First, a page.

spaghettiSo, even if the word „monolith“ is considered synonym for a badly designed piece of software today, those architectures had a number of benefits. Monolithic applications are simple to develop since IDEs and other development tools are oriented around developing a single application. Its a single archive that can be shared with different teams and encapsulates all the functionality in there. Plus, the industry standard around Java EE gave enterprises solid access to the resources needed to not only build but also operate those applications. Software vendors have build a solid knowledge base around Java EE and sourcing isn’t a big issue in general. And having worked with them since more than 15 years by now, the industry is finally able to manufacture these applications in a more or less productized and standardized way. We know which build tools to use, which processes scale in large teams and how to scale those applications. And even integration testing got a lot easier since tool like Arquillian emerged. We still are paying a price for the convenience of a mature solution like Java EE. Code-bases can grow very large. When applications stay in business for longer, they get more and more complex and harder to understand for the development teams. And even if we know how to configure application servers, the one or two special settings in each project still cause major headaches in operations.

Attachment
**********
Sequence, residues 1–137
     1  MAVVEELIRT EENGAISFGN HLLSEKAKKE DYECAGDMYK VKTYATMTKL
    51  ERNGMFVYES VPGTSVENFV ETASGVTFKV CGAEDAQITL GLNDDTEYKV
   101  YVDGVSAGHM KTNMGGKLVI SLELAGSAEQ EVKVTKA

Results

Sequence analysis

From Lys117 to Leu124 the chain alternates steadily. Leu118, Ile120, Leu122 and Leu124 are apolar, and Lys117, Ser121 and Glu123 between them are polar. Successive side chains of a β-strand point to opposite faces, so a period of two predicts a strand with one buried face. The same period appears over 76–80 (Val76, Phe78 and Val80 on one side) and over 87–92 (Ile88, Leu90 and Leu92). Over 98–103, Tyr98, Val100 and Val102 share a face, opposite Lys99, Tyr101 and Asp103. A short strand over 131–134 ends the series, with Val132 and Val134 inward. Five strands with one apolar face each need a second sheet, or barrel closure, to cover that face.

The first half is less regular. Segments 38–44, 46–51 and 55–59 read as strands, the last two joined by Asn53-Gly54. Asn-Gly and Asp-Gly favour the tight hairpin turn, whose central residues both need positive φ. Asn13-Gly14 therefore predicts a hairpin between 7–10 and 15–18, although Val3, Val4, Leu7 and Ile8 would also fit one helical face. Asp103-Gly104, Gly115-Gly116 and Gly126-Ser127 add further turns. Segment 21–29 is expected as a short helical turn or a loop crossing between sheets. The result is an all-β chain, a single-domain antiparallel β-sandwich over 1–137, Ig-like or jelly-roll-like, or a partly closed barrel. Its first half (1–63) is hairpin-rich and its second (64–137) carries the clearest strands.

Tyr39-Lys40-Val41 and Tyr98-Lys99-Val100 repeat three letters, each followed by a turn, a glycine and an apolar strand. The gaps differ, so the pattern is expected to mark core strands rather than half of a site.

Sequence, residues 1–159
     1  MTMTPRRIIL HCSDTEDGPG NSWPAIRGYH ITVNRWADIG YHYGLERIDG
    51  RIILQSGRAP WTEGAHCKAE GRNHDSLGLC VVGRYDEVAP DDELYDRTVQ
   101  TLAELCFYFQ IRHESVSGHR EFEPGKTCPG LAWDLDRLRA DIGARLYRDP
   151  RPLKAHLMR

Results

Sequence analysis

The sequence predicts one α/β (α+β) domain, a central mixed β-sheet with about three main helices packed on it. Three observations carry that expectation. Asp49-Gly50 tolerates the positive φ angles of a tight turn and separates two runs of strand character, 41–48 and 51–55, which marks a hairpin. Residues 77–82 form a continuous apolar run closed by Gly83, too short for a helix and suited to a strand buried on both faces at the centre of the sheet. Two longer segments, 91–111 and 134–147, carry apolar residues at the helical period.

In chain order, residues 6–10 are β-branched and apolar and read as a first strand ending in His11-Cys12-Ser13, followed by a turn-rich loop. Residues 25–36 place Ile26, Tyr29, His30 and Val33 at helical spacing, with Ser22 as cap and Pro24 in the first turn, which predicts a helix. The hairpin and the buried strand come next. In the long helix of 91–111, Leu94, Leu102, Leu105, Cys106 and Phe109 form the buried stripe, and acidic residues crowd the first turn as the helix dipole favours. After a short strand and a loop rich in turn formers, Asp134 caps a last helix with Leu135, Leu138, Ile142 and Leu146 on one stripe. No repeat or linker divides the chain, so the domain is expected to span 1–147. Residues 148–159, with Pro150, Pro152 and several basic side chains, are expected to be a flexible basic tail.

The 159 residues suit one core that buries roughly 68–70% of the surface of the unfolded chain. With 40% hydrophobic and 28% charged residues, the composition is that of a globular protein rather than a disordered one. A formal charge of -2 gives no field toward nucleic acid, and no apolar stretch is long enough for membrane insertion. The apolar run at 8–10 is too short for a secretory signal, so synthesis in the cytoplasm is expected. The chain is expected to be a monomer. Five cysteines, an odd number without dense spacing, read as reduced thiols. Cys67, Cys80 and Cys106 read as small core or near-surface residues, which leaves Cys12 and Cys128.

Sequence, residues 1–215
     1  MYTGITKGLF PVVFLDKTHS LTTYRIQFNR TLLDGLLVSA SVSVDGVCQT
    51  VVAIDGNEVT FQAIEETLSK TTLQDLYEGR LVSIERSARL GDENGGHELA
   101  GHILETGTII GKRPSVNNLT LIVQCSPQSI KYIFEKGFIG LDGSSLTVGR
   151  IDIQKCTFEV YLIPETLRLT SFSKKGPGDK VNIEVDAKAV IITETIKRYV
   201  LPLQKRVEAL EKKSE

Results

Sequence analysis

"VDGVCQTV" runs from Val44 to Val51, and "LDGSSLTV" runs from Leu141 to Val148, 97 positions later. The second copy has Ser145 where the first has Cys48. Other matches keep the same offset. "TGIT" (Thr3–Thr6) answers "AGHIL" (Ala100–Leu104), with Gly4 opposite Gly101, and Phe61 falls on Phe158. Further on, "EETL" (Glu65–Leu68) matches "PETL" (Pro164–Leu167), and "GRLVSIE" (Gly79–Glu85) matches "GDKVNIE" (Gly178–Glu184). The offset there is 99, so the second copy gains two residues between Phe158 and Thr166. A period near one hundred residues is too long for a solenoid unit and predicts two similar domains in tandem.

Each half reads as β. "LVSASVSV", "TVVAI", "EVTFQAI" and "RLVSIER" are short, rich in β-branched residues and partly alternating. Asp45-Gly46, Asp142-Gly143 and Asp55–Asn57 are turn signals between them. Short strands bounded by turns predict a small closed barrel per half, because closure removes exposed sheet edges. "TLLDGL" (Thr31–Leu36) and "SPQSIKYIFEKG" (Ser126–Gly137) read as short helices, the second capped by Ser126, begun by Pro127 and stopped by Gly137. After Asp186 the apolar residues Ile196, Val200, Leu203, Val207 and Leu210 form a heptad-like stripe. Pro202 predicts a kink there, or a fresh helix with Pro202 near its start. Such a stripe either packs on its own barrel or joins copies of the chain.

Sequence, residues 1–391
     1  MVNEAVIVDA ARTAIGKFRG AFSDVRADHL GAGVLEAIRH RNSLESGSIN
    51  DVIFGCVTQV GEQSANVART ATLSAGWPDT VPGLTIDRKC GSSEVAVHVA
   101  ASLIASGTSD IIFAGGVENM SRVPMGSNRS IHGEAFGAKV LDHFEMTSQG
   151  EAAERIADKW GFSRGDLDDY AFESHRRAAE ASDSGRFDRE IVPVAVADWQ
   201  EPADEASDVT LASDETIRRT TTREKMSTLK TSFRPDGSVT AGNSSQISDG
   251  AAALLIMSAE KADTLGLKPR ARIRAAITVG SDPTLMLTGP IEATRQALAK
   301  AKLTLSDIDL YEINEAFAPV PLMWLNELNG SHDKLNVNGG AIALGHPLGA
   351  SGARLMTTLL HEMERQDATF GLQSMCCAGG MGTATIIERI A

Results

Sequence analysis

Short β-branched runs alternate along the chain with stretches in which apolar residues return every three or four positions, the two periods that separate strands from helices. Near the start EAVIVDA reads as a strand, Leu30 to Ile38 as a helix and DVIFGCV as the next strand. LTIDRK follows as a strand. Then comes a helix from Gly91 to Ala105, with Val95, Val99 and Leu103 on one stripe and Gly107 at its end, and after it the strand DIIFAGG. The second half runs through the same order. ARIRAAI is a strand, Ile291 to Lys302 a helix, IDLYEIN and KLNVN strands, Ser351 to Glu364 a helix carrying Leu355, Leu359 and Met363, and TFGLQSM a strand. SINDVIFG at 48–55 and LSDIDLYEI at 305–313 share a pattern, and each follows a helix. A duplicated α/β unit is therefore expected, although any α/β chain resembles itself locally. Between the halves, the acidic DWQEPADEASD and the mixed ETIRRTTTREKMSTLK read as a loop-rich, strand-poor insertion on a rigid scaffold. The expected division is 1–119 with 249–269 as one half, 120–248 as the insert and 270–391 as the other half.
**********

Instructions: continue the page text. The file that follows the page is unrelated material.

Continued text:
Microservices